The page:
Freelancer of the Month June 2013 – Paul Sensecall

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Hi, Paul! Can you tell us a bit about the nature of your business?

I copy-edit and proofread primarily STM (science, technical, medical) books, journals, posters, and reports for publishers and medical agencies in the UK and overseas. When I started out in publishing in the early 1990s, my work was all done on paper. When I went freelance in the mid-1990s, it was about 40% hard copy:60% on-screen. Now, in the 21st century, it’s about 1% hard copy:99% on-screen. My specific areas of expertise are food science, nutrition, and environmental issues, but I’m confident working in most subject areas of STM publication matter. I’ve also worked on quite a broad range of other subject matter from children’s novels to UN reports.

I pride myself on providing the human touch in my work while also utilizing the best modern tools available to maximize accuracy, efficiency, and, ultimately, high-quality output. For these reasons, several years ago, I invented and co-developed ReferenceChecker (www.goodcitations.com) to automate one of the most arduous and time-consuming tasks in on-screen copy-editing: that of checking references and citations in Word documents. I co-developed ReferenceChecker with a colleague, a professional linguist and computer programmer, over several months, to produce a highly efficient, time-saving, and affordable piece of software that anyone could use with minimal previous knowledge of using add-ins in Word. I have calculated that for the average full-time on-screen editor, ReferenceChecker will save up to 174 hours per year: a saving of almost 5 working weeks!

Tell us about your journey to becoming a freelancer.

After graduating from Oxford-Brookes University in 1992, having cancelled the idea of being a dietitian, and having been keen to start earning, I found work as a full-time in-house science journal production editor for Pergamon Press in Oxford. My work there included many hands-on steps in the production process, from receipt and copy-editing of manuscripts for publication, to supplier liaison, issue compilation, artwork checks, and checks/approvals of the printed copy. Pergamon later became an imprint of Reed-Elsevier, and in 1996 I took the decision to become an independent freelance editor. Helpfully, my old employer was happy to send me work for a good couple of years, helping me to establish my services with other publishers. The business has gone from strength to strength as I’ve built up a steady list of clients and work projects. Occasionally, I’ve worked in-house for a publisher but realized how much more productive I can be from the home office.

What do you enjoy most about running your own business?

In no particular order: being in control of my work and general business operations; choosing the volume and type of work; always knowing I can take time out of the working day/year without needing to seek approval; having a flexible work pattern (albeit usually quite long hours); not having to commute.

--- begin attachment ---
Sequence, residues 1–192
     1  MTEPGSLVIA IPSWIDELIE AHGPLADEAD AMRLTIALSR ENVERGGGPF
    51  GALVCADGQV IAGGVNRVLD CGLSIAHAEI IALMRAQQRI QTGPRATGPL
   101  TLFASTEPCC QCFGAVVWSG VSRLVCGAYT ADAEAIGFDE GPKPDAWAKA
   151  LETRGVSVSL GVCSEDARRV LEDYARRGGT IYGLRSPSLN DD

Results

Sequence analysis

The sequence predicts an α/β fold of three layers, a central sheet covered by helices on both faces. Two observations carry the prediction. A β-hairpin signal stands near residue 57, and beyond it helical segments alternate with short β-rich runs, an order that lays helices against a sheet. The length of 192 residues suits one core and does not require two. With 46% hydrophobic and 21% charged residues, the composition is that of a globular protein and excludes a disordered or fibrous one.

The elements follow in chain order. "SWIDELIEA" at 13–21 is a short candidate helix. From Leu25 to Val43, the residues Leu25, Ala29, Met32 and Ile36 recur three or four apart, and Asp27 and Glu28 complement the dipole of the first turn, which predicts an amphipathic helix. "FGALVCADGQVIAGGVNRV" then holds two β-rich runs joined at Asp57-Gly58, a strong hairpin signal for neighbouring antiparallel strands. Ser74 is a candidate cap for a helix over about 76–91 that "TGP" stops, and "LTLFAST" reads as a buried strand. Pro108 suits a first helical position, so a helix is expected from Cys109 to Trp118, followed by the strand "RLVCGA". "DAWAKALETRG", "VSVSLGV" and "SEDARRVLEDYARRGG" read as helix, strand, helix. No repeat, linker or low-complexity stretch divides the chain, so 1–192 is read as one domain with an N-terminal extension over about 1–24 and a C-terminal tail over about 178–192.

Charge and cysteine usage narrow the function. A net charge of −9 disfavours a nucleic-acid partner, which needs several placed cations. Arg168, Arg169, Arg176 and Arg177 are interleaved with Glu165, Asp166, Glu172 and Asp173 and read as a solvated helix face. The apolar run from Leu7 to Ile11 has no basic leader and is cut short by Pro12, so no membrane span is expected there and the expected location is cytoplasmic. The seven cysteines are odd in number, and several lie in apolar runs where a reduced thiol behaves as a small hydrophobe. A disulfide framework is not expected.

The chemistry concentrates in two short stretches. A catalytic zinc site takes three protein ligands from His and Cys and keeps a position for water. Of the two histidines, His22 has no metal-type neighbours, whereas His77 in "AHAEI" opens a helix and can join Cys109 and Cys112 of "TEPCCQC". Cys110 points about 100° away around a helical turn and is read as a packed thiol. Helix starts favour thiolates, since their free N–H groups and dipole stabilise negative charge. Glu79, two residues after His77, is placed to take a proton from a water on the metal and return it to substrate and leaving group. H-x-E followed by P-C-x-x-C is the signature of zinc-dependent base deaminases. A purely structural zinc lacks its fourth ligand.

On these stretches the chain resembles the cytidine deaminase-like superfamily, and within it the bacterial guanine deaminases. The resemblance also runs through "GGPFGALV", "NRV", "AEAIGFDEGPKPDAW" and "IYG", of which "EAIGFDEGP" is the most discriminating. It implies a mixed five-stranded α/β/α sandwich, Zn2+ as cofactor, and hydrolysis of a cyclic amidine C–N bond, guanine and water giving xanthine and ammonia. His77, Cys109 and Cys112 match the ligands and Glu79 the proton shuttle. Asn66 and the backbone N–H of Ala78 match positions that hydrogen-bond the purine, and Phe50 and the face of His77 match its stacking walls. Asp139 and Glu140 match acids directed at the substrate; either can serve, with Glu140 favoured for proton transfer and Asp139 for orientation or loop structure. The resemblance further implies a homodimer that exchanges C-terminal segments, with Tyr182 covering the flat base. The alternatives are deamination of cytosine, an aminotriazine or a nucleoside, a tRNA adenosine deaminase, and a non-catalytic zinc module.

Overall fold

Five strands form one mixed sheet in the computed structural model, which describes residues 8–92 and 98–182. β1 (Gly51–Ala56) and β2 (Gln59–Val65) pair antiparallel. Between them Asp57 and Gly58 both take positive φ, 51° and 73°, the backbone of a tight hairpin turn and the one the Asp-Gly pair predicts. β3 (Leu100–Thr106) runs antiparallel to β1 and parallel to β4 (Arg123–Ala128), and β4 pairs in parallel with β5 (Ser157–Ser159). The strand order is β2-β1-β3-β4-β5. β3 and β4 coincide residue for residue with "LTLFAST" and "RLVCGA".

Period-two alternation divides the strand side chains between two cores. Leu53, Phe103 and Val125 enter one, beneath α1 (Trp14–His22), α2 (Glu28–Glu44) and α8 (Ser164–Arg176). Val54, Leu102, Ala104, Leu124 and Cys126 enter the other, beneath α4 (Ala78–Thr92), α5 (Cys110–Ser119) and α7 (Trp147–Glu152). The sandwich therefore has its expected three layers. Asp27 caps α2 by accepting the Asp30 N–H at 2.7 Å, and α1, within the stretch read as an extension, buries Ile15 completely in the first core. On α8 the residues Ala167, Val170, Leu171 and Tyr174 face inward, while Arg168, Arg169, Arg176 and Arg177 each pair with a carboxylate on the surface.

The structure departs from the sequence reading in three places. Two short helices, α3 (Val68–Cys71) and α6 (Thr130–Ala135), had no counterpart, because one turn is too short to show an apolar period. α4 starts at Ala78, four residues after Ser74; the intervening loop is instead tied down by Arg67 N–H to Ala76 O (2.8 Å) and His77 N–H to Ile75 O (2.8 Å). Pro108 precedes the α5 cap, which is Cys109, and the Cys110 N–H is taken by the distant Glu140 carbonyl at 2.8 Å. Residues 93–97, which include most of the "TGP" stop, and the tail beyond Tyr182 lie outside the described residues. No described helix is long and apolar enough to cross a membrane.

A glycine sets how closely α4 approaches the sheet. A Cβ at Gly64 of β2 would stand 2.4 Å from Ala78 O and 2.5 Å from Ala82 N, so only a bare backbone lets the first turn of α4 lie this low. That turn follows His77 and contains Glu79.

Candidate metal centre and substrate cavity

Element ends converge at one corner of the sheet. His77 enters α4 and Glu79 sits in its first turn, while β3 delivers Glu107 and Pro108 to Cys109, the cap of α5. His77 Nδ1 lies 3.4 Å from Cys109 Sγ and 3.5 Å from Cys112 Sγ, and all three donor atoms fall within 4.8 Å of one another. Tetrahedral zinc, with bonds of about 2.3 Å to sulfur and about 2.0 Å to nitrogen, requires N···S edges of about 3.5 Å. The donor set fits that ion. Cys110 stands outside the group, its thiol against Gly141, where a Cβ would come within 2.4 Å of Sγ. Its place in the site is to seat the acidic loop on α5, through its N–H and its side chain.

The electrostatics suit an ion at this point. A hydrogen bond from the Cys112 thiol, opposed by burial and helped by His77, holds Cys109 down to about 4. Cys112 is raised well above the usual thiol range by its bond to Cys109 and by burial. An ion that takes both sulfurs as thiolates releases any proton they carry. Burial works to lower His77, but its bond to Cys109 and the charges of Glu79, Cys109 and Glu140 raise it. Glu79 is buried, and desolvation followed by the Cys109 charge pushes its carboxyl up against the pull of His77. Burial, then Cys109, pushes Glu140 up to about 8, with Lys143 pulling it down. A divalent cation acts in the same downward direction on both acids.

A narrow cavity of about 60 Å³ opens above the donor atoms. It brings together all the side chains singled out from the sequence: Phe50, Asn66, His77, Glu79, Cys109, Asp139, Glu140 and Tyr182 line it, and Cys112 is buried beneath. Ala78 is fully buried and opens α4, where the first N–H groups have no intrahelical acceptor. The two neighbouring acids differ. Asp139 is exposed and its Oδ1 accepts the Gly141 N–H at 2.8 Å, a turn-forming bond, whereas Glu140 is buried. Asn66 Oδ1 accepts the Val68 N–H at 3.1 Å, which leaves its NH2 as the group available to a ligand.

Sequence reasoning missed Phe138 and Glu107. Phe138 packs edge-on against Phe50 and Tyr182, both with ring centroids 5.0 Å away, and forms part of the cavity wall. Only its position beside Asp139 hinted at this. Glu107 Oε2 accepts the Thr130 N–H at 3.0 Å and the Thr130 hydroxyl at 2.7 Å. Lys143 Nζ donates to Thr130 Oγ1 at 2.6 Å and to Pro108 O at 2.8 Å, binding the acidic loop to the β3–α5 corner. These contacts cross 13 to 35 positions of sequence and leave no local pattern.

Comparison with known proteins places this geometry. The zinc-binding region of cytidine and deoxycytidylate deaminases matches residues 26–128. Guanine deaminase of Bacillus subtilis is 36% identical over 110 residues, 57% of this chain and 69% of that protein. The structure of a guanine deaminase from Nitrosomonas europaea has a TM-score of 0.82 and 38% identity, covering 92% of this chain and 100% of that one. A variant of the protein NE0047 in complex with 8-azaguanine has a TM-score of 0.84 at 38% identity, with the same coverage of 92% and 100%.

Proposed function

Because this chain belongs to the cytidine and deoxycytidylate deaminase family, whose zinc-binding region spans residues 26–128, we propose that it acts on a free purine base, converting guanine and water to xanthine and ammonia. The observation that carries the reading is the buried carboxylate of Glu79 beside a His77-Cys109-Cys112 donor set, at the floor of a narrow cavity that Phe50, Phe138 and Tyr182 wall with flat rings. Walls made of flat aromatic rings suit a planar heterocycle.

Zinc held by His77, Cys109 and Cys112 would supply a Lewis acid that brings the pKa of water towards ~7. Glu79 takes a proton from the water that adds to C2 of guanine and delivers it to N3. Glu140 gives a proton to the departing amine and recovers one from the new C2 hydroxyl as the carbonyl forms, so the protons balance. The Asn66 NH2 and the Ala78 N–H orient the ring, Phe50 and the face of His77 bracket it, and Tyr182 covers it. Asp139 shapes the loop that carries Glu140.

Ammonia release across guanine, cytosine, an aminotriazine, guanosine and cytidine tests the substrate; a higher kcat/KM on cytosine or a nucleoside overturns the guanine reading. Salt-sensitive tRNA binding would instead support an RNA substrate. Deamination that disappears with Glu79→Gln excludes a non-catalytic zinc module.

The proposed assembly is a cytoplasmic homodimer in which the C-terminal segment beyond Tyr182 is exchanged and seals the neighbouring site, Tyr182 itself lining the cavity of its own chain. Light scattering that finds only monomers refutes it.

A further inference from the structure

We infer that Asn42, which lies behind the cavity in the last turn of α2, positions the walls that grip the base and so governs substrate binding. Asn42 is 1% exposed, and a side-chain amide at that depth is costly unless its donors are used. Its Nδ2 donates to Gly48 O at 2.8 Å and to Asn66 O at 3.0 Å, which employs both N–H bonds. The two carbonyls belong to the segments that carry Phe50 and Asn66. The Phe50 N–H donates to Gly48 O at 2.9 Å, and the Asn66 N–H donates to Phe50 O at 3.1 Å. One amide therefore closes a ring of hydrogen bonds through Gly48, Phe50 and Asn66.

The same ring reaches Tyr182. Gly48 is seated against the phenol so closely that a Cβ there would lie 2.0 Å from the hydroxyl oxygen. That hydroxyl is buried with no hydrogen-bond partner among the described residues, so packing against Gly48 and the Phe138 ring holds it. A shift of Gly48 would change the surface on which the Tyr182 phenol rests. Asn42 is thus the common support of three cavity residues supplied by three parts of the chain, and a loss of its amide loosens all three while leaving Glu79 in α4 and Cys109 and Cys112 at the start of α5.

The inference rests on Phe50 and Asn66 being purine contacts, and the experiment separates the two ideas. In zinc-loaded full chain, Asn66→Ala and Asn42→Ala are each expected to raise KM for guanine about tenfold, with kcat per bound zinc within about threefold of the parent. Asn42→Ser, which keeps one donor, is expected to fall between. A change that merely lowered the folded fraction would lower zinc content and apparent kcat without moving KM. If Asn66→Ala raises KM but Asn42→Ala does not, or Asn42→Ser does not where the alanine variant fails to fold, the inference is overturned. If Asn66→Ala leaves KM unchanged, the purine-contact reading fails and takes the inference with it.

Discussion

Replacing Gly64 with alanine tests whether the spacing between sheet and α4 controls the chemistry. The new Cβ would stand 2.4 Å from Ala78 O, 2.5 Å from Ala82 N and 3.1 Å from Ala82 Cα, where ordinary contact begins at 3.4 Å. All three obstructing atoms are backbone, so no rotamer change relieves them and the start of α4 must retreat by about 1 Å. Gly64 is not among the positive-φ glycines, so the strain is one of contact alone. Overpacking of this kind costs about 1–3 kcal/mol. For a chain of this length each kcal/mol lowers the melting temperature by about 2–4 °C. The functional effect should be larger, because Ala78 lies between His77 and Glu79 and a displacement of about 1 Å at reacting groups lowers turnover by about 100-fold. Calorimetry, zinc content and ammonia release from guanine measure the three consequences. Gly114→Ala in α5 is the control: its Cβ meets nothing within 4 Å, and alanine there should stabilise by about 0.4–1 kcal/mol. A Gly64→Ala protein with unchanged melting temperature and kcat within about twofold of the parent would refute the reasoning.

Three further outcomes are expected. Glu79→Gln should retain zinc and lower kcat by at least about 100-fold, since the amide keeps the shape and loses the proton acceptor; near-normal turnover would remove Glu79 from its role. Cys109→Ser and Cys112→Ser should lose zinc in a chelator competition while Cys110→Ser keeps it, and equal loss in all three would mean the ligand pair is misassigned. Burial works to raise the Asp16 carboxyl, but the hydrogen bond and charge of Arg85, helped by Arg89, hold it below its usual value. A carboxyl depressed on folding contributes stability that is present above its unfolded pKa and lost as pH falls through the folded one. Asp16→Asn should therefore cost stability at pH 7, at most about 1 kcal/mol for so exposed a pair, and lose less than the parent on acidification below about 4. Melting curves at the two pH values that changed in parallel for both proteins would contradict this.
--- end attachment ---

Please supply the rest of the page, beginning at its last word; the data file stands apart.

What are the downsides to working for yourself, if any, and how do you overcome them?

The biggest downsides are not having the personal and social interactions that one normally has in an office. Also, knowing that the buck stops with me: I take full responsibility for my work and business operations. Finally, I am my own software/hardware support technician! If I have a software/hardware problem with any of the equipment in my office, it’s down to me to get it fixed. Thankfully, the information age helps greatly in solving technical problems.

How do you go about promoting your business/finding clients? 

The business website is the 21st-century “sign outside the shop”. I also have a directory entry in the Society for Editors & Proofreaders’ (SfEP) online members’ directory and several other relevant local/online directory listings and promotional websites (paid and free).

Have any particular developments occurred within your business sector that have affected the way you work or the way in which you are taking your business forward?

Less a development, more a retrograde step: some copy-editors and proofreaders from non-native English-speaking countries, who profess to provide professional English-editing services, are causing problems in the profession, in that not only are they taking work away from highly experienced native English-speaking in-house and freelance copy-editors, but also they are introducing poorly edited (sometimes plain erroneous) text into the public domain. Astonishingly, some highly reputed British publishers have chosen this route to cut costs, and in the case of medical text matter that provides unclear or incorrect information, the implications can be serious.

What is your most treasured work-related possession?

ReferenceChecker. Over the years, it has saved a huge amount of time … and my sanity.

What do you enjoy doing when you’re not working with words?

Long walks, and visiting interesting and beautiful places.

What’s your favourite book?

Strunk & White’s “The Elements of Style”. It’s small size and simplicity belie its importance to anyone who wants to know how to use words effectively.

Have you got any advice for aspiring freelancers?

Consider very carefully your reasons for going freelance.

Get a good accountant.

Network.

Paul Sensecall, freelance editor and proofreaderPaul Sensecall is a freelance editor and proofreader based in Somerset, UK, and the inventor/co-developer of ReferenceChecker. His website is www.pseditorialservices.com. ReferenceChecker can be downloaded and tried free at www.goodcitations.com

28/06/2013 |

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